Fraud Alert False Alarms Interview with WCCO Radio Minnesota
CreditCards.com Senior Industry Analyst Matt Schulz spoke on Thursday, May 21, 2015, with John Hines of WCCO Radio Minnesota about the results of the May 2015 Fraud Alert False Alarms survey. The interview and transcript are below.
John Hines: 7 out of 10 of us, almost 7 out 0f 10 of us, have received a credit card fraud alert that was false, that was incorrect. I guess I’m lucky because I’m in that 3 out of 10 that haven’t, but it’s kind of problematic and should be concerning because you don’t know what’s the legit one and if someone’s crying wolf or not. I’m joined this morning by Matt Schulz who is with CreditCards.com and they’re the ones who came out with this report. Matt, good morning. Thanks for joining me here on WCCO.
Matt Schulz: Yeah, thank you.
Hines: Why should we be concerned about this?
Schulz: Well, it’s really kind of an inconvenience and a nuisance, but honestly it can actually be a good thing because what it tells you is that the banks are keeping an eye out for you and it makes it much more likely for them to actually notice when the bad guys really do strike.
Hines: You know, I mentioned that I’m the 3 out of 10 who have never received a false fraud alert. I wonder if that is because I take the steps – something that I learned, I think, from CreditCards.com – is to actually notify my banks, the credit card companies that I’m going to be traveling to a different region or such.
Schulz: That is a big cure-all for this, and a lot of people don’t do it. All it takes is a phone call and even know they have tools online on a lot of these credit card issuer websites where you don’t even have to talk to anybody to do this.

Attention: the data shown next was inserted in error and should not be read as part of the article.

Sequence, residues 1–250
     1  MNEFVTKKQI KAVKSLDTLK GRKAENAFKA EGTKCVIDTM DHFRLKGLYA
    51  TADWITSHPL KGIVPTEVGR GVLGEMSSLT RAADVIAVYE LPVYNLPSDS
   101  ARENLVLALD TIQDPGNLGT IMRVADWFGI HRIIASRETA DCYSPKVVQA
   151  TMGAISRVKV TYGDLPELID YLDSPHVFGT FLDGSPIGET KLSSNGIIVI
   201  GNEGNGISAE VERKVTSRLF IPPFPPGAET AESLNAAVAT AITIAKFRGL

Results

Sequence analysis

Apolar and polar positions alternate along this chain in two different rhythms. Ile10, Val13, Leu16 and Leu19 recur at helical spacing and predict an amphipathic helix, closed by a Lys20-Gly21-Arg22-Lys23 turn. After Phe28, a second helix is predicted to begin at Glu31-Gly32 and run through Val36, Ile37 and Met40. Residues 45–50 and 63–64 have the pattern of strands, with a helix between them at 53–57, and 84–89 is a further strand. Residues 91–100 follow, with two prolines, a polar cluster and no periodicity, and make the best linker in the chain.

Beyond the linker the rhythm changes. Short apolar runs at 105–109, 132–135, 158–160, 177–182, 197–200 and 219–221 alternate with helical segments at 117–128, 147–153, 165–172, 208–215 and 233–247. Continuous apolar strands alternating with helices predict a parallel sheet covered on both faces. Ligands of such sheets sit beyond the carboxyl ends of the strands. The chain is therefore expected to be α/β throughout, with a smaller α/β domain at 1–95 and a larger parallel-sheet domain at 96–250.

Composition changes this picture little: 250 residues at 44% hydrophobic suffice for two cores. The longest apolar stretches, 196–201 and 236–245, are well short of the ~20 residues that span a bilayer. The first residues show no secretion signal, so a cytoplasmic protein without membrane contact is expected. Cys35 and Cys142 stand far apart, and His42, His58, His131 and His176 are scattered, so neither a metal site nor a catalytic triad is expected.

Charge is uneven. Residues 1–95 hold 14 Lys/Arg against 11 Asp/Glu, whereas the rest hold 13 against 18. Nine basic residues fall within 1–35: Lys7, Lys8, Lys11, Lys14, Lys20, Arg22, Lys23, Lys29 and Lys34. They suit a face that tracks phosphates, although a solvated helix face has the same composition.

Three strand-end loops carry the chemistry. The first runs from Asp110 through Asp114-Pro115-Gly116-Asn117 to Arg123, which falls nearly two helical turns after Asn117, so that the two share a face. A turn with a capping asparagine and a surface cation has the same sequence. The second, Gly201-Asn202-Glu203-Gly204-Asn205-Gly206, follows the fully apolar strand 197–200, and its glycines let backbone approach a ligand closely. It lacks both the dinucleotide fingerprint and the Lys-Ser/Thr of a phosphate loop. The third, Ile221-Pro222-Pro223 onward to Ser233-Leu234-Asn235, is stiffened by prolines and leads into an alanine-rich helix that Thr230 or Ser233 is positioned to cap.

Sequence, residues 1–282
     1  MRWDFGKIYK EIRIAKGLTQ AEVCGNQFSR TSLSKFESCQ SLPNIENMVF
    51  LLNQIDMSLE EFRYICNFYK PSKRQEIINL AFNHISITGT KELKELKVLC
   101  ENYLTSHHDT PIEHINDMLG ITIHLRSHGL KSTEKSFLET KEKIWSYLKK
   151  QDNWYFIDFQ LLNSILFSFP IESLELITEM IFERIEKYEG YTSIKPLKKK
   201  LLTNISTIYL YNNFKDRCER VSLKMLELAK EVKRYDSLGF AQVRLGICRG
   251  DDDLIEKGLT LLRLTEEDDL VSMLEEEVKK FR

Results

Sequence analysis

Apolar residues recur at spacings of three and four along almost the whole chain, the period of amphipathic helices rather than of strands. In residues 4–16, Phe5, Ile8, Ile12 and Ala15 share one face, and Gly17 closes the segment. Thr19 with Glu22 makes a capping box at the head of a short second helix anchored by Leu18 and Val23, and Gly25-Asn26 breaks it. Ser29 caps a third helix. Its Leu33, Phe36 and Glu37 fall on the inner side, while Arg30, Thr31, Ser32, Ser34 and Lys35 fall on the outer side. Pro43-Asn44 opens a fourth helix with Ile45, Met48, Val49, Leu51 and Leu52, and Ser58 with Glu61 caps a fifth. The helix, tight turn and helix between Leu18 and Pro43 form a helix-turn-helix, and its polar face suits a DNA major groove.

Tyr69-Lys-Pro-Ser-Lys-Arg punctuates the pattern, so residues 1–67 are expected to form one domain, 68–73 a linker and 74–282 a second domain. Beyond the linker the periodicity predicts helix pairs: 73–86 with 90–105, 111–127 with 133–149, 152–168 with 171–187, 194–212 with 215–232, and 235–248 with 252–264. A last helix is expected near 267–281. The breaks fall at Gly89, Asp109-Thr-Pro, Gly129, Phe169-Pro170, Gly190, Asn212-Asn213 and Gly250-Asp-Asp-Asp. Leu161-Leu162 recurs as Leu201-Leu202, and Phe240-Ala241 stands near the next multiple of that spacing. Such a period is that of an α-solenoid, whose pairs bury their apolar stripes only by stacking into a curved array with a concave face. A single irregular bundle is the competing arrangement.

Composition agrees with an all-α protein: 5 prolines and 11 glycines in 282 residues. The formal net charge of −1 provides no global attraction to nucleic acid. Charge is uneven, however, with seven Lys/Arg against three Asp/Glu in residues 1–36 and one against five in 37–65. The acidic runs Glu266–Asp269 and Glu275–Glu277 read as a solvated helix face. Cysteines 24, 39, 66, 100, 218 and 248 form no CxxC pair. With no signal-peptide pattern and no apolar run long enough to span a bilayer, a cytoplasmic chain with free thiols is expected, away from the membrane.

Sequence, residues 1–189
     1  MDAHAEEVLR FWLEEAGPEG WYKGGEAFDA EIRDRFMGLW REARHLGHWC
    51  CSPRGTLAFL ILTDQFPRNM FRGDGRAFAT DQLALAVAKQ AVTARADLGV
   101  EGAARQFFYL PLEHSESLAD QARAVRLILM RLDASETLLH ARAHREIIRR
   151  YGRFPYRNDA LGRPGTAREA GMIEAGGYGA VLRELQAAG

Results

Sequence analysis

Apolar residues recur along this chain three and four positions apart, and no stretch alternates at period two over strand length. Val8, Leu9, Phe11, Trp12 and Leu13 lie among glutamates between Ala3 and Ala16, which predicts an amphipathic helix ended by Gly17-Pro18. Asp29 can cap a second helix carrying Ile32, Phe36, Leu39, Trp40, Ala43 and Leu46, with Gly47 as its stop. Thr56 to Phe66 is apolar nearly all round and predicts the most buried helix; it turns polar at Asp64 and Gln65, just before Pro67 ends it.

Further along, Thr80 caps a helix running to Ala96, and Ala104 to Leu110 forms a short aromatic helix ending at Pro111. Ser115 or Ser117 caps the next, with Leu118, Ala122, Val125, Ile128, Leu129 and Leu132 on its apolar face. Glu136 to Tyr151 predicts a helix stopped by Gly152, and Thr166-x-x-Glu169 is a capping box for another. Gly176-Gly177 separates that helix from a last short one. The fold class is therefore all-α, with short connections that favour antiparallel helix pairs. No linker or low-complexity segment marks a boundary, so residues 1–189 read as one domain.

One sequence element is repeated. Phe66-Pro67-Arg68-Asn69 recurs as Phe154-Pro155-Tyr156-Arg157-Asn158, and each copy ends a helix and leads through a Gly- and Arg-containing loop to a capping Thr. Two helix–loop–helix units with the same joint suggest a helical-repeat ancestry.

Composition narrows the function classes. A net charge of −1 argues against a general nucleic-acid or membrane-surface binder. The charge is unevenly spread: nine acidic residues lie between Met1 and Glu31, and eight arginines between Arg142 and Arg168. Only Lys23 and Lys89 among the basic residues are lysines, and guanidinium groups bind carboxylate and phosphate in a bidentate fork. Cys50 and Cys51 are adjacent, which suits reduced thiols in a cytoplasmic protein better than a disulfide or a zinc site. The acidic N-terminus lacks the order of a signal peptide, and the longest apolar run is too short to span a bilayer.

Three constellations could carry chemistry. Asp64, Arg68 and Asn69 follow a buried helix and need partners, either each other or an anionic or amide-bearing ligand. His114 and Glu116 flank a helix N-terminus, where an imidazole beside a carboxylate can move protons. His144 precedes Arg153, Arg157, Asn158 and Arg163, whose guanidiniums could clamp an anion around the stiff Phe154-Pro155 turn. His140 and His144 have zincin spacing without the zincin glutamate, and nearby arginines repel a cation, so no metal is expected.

Hines: You can just let them know ahead of time where you’re going to be and what credit card you’ll be using.
Schulz: Exactly, and also if you’re going to make a big purchase – like there’s been stories of people doing a home remodel and buying $5,000 of lumber at Home Depot and having that get blocked because it’s unusual for them.
Hines: Ah, again we’re back to – we were just talking about this in the last half hour, too – so much of this comes from the credit card companies watching basically once again on algorithms, right? They’re kind of tracking what’s normal, what’s activity, and what’s unusual.
Schulz: Yeah, it’s all about patterns. It’s about where you spend, it’s about how much you spend, and just anything that looks unusual will draw their eyes.
Hines: I noticed that in your report you broke it down into various groups – who’s more likely to have received a fraud alert and in this case we’re talking about false fraud alerts, but at least we know they’re being vigilant in this case. However, it can be an inconvenience if you get this false fraud alert and then you find out all of a sudden you’ve been denied access somewhere.
Schulz: What we found is that certain groups – whites, Republicans, college graduates, wealthier folks – are more likely to have received an alert. And I think a lot of that might just be that those are groups that might find themselves traveling more, and since travel is really one of the key triggers, I think that might go a long way to explaining some of those numbers.
Hines: But yeah, when you start to get out there and you find charges have been blocked or something, it becomes somewhat problematic. What do we do though if this becomes persistent? Help me out with that, Matt.
Schulz: It really is all about making that phone call and opening the lines of communication with the bank to let them know what you’re doing, and if you do that you’re much more likely to avoid having these fraud alerts.
Hines: This information to at CreditCards.com, is that where we can find this story?
Schulz: Yeah, we’ve got this and plenty of other helpful information at CreditCards.com for you.
Hines: Hey, well good stuff. I appreciate you joining me this morning here just for a couple of minutes on WCCO.
Schulz: Thanks, anytime.
Hines: Take care, Matt Schulz from CreditCards.com.